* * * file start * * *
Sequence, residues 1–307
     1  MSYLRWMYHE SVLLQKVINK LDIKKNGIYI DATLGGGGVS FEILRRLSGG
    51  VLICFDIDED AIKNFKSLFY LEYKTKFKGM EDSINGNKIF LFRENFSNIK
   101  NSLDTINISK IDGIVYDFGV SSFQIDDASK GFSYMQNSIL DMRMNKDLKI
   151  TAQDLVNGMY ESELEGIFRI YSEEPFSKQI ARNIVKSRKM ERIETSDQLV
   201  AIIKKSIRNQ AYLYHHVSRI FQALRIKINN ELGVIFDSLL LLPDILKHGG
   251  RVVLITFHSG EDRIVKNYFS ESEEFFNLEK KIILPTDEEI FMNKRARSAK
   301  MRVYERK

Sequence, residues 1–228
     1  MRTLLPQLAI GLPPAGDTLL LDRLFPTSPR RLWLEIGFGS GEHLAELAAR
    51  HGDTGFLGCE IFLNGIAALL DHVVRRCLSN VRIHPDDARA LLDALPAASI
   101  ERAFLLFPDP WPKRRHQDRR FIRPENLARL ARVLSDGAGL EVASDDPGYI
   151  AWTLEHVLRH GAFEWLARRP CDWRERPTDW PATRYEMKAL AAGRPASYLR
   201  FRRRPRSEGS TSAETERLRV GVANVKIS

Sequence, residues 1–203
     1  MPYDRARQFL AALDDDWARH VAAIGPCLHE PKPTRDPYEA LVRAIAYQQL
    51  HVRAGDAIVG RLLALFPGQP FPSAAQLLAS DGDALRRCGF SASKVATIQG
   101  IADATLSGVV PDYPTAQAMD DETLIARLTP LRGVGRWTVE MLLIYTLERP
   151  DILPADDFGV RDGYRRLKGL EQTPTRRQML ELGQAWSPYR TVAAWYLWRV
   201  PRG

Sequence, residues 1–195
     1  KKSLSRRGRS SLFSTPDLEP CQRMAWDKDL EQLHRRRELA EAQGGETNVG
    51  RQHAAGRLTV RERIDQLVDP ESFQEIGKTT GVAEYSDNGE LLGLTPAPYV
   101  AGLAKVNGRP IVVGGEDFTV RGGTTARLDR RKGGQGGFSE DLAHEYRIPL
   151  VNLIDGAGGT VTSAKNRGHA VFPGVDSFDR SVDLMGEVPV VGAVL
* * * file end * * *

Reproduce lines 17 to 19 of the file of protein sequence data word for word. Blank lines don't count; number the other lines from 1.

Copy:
    51  HVRAGDAIVG RLLALFPGQP FPSAAQLLAS DGDALRRCGF SASKVATIQG
   101  IADATLSGVV PDYPTAQAMD DETLIARLTP LRGVGRWTVE MLLIYTLERP
   151  DILPADDFGV RDGYRRLKGL EQTPTRRQML ELGQAWSPYR TVAAWYLWRV